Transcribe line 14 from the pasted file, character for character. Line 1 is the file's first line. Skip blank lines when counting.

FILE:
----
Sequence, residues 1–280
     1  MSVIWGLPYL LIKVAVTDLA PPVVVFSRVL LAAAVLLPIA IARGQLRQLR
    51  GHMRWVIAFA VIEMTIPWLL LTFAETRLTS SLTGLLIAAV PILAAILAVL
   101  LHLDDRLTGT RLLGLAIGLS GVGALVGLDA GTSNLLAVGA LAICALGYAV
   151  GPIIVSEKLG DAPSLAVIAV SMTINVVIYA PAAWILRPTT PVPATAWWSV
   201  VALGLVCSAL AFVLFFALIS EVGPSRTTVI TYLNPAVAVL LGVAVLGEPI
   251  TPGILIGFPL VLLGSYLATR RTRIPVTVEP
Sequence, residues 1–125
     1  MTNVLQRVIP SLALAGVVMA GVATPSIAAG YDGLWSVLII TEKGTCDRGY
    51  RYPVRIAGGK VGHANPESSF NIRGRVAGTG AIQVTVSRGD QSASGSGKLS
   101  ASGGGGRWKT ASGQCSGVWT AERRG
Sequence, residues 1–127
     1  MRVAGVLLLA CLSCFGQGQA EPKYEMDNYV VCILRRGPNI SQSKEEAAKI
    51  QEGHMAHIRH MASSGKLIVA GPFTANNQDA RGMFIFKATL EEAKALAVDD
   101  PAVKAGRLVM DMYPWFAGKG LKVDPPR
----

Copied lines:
    51  QEGHMAHIRH MASSGKLIVA GPFTANNQDA RGMFIFKATL EEAKALAVDD